A New Report Published by The Financial Times on December 12 claims to forecast the “unravelling.. of China’s first overseas debt crisis,” alleging that the wheels of the Belt & Road Initiative (BRI) “have come off.”
“China’s rethink betrays a tacit recognition that its overseas lending bonanza has been ill-conceived,” states the report. Having cherry-picked statistics and measured BRI’s global impact against less representative, singular benchmarks, the report reveals a partisan bend against the BRI’s scope, growth and global reception.
In what is described as a reality that deviates sharply from Chinese President Xi Jinping’s BRI vision, the report cites lending data by Chinese financial institutions from Boston University researchers. Authors of the report immediately conclude that Chinese institutional lending, under the BRI, took a nosedive last year – falling by an approximated margin of 94 percent from 2016.
There are several problems with this self-identified collapse narrative, beginning with a blind-eye to BRI’s actual project-to-project valuation. As of September 2020, financial market data giant Refinitiv estimated that the collective value of Belt & Road Projects stood at $2.41 trillion.
This figure, counting over 2,000 active BRI projects worldwide, offers a glimpse into the initiative’s demonstrated resilience in the midst of the on-going pandemic, especially when the trillion-dollar valuation exceeds the combined worth of other independent projects pursued by China outside BRI.
Thus, any attempts to project Chinese institutional lending under the BRI as some sort of a “retreat” should first be supported by evidence that the project’s collective value is taking a hit of any kind. Judging by its own conclusions, the Financial Times report makes no attempt to derive these correlations and, by doing so, establishes a classic case of motivated reasoning.
The second problem concerns the report’s context touted by authors as a crucial justification to substantiate the BRI’s alleged decline. At the heart of this crucial context lies an unwarranted contest between the World Bank’s annual overseas lending and that of the China Development Bank and the Export-Import Bank of China. “Such a sharp scaling back of lending by the Chinese banks amounts to an earthquake,” rules the report.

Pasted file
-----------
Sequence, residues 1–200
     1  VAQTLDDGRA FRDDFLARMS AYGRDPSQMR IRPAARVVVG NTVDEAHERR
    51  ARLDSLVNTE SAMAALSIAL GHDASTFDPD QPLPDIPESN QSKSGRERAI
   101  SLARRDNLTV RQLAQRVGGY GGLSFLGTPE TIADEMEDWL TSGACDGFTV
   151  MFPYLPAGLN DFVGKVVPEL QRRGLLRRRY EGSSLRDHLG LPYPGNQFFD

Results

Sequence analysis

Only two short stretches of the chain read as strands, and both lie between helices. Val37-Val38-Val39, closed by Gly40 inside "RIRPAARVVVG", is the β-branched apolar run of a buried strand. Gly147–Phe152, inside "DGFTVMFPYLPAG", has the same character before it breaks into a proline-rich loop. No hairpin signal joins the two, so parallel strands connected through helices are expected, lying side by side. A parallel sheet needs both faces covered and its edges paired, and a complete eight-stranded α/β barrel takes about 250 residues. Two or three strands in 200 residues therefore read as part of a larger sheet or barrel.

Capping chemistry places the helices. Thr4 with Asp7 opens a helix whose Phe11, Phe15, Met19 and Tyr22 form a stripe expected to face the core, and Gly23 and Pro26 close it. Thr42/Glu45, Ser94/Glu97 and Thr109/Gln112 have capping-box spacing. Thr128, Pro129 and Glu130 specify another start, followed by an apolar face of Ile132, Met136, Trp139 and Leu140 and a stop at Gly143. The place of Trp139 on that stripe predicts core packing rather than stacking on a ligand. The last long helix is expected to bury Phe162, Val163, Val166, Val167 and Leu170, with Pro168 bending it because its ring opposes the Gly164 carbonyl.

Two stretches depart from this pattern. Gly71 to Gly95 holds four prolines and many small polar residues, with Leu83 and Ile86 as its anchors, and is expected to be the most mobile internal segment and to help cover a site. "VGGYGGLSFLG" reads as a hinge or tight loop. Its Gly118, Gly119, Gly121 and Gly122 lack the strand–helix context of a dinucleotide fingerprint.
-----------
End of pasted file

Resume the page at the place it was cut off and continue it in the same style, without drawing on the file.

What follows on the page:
However, the comparison is self-manufactured and not part of China’s strategic BRI vision at all. The success of BRI continues to be grounded in global connectivity and is not measured in terms of overseas-lending-rivalry with Western financial institutions.
Therefore, by misreading the determinants of China’s dual circulation policy and transforming the Belt & Road Initiative into an ideological pursuit with the West, little of the published conjecture passes the test of critical examination.
On the crucial question of debt-sustainability, China offers a customized approach to debt management that is in line with the distinct debt-servicing capacities of numerous countries. This well-established foresight is also spun out of proportion in the report in a bid to back the BRI-in-decline narrative.
For instance, the BRI’s embrace of all government types is pronounced as “the program’s fatal flaw.” The report further construes China’s debt renegotiations, with a dozen countries this year, as a sign of pandemic opportunism.
“Debt renegotiations have proliferated as the pandemic has clobbered emerging economies in Africa and elsewhere – at least 18 processes of debt renegotiation with China have taken place in 2020 and 12 countries were still in talks,” asserts the report.
As far as the statistical strength of the above assertion is concerned, an October report by Rhodium Group forms the gist of its implicit conclusions. Rather ironically, the full stretch of Rhodium’s evidence-base suggests that it doesn’t subscribe to overdrawn narratives about BRI’s alleged retreat, nor does it indicate approval of any fatal debt-renegotiation paradoxes that could harm global transparency.
Instead, it brings into focus a range of leadership variables that are lost on the Financial Times report. These include China’s separate agreements with nearly a dozen Debt Service Suspension Initiative (DSSI) eligible countries, Chinese government’s continued willingness to write-off debts for nations in need, grace period extension prospects, and headways on recently concluded negotiations.
More importantly, they align with further trade and investment findings from the World Economic Forum, the Pew Research Center, The World Bank, and even the U.S. Federal Reserve.
Ultimately, the idea that the BRI is taking a hit against its stated objectives is nothing but a distorted narrative which is at odds with ground realities. As partner countries reciprocate China’s trust in win-win cooperation, there is little space for unwarranted speculation masquerading as credible.